Blown To Bits

The (North Carolina) Government Wants to Know What You Bought

Tuesday, April 20th, 2010 by Harry Lewis

Massachusetts has started to get a bit more insistent about collecting MA sales taxes on goods purchased out of state–including over the Internet. This year’s return invited me either to list the actual amount paid and pay the Massachusetts rate on the total, or to pay a “safe harbor” tax on my income. Pay the safe harbor rate and I am exempt from harassment for my out of state purchases, even if I get audited and it turns out I would have owed the state much more based on my actual purchases.

I found this annoying. But actually it seems to me correct. I don’t imagine people were paying those taxes until the safe harbor was introduced, and if I don’t like the safe harbor, I can keep track of all my Amazon purchases and whatnot and pay the 6.25% on those. I can object to the whole notion that stuff I buy out of state and bring or have shipped in state should be taxed, but until somebody changes the rules, that is the way the rules read.

Now the state of North Carolina has done Massachusetts one better and has handed its comparable tax collection problem to Big Brother. The state has demanded that Amazon turn over to its tax authorities detailed, itemized records of everything shipped to anybody in the state. (Amazon has no business address in North Carolina. Only customers are there.)

That’s a lot of data, but of course that’s not the problem. Amazon has it, not just for billing purposes but so it can pitch you different suggestions on rainy Tuesday nights if it notices that you particularly like ordering steamy romances on evenings like that. The granularity of the data is extremely fine, and the state wants it all. Amazon provided some anonymized information — not sure I am happy even with that, given how easily apparently anonymized data can be re-identified — but it doesn’t matter, because the state was not content with that. It wants names and addresses.

Amazon is resisting, thank goodness, on First Amendment grounds–citing individuals’ right to read anonymously. But aren’t there Fourth Amendment issues, too? Given constitutional guarantees of security against unreasonable searches, what possible justification could the government have for demanding to know the shoppings lists of ordinary citizens, not under suspicion of anything?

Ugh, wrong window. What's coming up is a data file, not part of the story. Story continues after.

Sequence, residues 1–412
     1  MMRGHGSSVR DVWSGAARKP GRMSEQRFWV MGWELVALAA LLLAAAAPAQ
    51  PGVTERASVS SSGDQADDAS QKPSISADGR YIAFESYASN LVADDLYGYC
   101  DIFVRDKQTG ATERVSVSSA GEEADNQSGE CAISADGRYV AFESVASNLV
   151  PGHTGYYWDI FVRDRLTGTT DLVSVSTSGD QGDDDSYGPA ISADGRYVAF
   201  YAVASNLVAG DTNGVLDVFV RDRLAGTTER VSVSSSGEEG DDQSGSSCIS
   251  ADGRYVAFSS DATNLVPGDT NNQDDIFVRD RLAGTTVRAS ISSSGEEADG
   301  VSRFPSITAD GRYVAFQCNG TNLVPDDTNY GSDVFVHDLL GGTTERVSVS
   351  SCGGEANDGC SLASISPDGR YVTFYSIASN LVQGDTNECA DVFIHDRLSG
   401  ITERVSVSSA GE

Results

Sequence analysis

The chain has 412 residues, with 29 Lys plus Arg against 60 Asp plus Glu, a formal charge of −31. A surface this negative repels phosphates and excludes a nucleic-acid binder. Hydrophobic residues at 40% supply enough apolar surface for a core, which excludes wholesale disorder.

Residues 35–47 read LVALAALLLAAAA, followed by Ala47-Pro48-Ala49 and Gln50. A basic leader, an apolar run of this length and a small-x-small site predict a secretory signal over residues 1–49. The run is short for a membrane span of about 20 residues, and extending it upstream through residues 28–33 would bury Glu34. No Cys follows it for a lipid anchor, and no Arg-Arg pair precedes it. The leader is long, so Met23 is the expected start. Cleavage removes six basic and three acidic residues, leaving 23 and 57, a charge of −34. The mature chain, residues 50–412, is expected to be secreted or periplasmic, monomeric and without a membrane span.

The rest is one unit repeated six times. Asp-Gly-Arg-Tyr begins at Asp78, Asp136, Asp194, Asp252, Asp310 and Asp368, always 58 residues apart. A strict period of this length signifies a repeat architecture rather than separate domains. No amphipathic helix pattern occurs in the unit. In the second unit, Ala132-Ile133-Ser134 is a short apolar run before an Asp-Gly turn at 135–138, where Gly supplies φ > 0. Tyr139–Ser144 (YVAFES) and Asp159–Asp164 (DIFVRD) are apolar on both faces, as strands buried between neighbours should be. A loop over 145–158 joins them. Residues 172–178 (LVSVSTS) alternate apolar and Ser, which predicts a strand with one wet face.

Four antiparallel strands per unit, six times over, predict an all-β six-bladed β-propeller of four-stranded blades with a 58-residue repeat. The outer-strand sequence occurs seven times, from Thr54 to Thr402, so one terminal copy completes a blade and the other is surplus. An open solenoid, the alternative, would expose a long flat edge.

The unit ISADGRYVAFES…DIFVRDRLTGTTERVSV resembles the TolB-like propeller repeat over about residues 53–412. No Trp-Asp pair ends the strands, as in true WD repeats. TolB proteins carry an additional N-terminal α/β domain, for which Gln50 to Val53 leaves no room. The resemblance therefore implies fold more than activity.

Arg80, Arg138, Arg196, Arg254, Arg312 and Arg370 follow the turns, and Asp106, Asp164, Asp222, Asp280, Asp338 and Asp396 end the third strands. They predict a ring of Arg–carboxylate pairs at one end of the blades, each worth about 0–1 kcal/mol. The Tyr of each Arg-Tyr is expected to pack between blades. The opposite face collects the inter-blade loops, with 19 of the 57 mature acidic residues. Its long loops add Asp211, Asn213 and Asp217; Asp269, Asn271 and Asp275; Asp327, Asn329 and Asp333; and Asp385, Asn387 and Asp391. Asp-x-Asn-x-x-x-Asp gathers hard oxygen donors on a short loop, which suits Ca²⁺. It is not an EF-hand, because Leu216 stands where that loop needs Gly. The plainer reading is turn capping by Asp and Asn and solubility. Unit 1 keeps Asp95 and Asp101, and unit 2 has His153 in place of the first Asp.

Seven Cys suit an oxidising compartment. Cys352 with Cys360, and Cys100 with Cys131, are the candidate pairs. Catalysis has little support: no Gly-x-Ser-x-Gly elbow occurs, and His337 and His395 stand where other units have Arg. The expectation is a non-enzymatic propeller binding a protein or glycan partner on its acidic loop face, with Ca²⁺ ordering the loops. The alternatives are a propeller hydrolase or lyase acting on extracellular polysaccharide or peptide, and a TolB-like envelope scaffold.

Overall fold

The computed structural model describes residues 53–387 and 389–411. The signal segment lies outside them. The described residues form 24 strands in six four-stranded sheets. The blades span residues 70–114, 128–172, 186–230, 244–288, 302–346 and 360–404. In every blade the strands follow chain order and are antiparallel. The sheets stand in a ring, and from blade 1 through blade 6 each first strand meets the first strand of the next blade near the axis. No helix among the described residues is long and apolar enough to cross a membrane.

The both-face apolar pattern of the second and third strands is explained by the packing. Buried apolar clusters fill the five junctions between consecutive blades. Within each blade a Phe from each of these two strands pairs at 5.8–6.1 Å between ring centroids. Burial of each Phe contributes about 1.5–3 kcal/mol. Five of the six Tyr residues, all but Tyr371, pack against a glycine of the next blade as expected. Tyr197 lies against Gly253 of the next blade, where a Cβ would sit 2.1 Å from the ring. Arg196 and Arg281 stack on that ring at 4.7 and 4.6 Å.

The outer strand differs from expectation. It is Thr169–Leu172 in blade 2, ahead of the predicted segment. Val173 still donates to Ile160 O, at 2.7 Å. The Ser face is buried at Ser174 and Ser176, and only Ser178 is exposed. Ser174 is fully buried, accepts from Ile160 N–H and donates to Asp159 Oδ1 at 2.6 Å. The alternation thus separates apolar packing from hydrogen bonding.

6 Responses to “The (North Carolina) Government Wants to Know What You Bought”

  1. M Says:

    I think a smarter, more effective law would be to require all companies who sell via the Internet to your state to issue a receipt to their customers at the end of the year, showing all purchases those customers had made during the year.

    For example, end of the year, you receive an automated email from with the following:

    “Dear Mr. Lewis:

    In compliance with Massachusetts law [cite], we are sending you the following information to aid you in filing your tax returns. According to our records you purchased the following items from us this year.

    Order # 1831-2, October 2, 2009:
    Stainless Steel Wok – $49.99
    Dreaming of Science – $19.99

    Order # 1964-7, December 14, 2009:
    Kindle e-Book Reader – $399.99
    Chocolates – $18.63

    The total value of purchased items this year was: $488.60.

    If you did not make any of these purchases, please notify us so we can update our records.


    Then, you simply tally all of those up. You are responsible for separating out items by their tax type/bracket. And then paying your taxes as appropriate. In event of audit, you can show the collective end-of-year receipt as your evidence.

    This simultaneously protects privacy while furthering the states goals. The draw back is that it places a burden on companies to track the information and report it at the end of the year. However, this could be viewed as the cost of doing business and is something they probably already do – at least to some extent – in their overall accounting system. This feature could be fully automated in order to comply with the law. Companies that do not want to participate could notify their users, “We do not participate in MA’s draconian tax reporting laws. You are required to track all of your purchases independently using the receipts we give you at the time of purchase.”